Two key characteristic of initiation - the drug and the mode of administration – are often studied to understand trajectories into increasingly risky types of drug use, such as transitions to injecting heroin or cocaine (Fuller et al., 2001; Sherman et al., 2002; Roy et al., 2003). Participants in these studies are typically polydrug users who report multiple initiation events during adolescence and young adulthood, e.g., first time smoked crack, first time sniffed heroin, first time injected heroin. Prior research indicates that studying initiation events among young IDUs contributes towards a fuller comprehension of emerging drugs (Lankenau & Clatts, 2004; Firestone & Fischer, 2008), user populations (Roy et al., 2002; Fuller et al., 2003), risk behaviours (Roy et al., 2003; Lankenau et al., 2010), social context (Harocopos et al., 2009; Goldsamt et al., 2010) and potential prevention and intervention strategies (Sherman et al., 2005; Miller et al. 2006). Towards this end, an exploratory qualitative study was undertaken to describe patterns of initiation into prescription drug misuse among young IDUs in Los Angeles and New York. Using descriptive and qualitative data, this manuscript addresses a number of unanswered questions, such as: at what age do young IDUs initiate misuse of prescription opioids compared to other illicit drugs; where do young IDUs obtain prescription opioids at initiation; why do young IDUs initiate prescription opioid misuse; what are the contextual factors at initiation; and how does this initiation fit into patterns of injection drug use and current drug use, including use of heroin?
The study design was informed by an ethno-epidemiological methodology (Agar, 1996; Clatts et al., 2002; Pach & Gorman, 2002) that utilises both quantitative data, i.e., frequencies and percentages, to describe broader patterns found within a study sample and qualitative data, i.e., narrative accounts, to provide contextualised details as reported by individual participants. This mixed method approach has been used previously to describe risk behaviours and patterns of substance misuse among smaller samples of high-risk youth (Lankenau et al., 2005; Lankenau & Sanders, 2007; Hathazi et al., 2009; Sanders et al., 2010).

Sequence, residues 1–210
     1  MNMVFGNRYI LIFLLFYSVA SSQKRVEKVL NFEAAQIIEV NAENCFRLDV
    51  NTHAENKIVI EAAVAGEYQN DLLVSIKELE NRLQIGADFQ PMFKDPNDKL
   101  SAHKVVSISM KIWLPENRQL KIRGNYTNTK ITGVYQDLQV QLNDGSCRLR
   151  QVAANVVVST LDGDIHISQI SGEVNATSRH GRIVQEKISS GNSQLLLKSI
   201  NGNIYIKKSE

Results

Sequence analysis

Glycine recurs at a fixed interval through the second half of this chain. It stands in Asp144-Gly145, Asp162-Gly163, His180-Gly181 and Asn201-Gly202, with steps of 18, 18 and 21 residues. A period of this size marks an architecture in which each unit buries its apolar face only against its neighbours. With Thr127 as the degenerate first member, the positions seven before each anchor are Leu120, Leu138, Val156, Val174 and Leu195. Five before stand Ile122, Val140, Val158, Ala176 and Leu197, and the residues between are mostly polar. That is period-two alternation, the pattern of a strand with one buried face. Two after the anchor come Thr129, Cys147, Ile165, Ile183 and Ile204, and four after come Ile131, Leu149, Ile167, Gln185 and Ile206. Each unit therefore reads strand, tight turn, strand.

IDUs (n=50) described in this analysis are a subgroup of a larger sample of 150 young adults -- 50 IDUs and 100 non-IDUs -- who were recruited in New York and Los Angeles as part of a study focused on non-medical prescription drug use. Prior to sampling, trained ethnographers from each site conducted a Community Assessment Process (CAP; Clatts et al., 1995), which recorded local knowledge about prescription drug misuse and determined the locations of groups of young IDUs. Following the CAP, ethnographers sampled young IDUs using a combination of targeted sampling (Watters & Biernacki, 1989) and chain referral sampling (Biernacki & Waldorf, 1981; Penrod et al., 2003). Using this approach, IDUs were sampled primarily from Union Square and the East Village in New York and from Venice and Hollywood in Los Angeles – areas known to attract a diverse population of young IDUs (Lankenau et al. 2007a).
A screening tool assessed IDUs for study eligibility based upon three criteria: aged between 16 and 25 years old; misused a prescription drug at least three times in the past three months; and had injected a drug within the past three months. Targeted prescription drugs included opioids, tranquillizers, and stimulants. “Prescription drug misuse” or “non-medical use” was defined to participants as: “drugs you may have used without a prescription, in greater amounts, administered differently, more often, or longer than prescribed, or for a reason other than a doctor said you should use them” (Blanco et al. 2007). All screened individuals received a $3 gift card.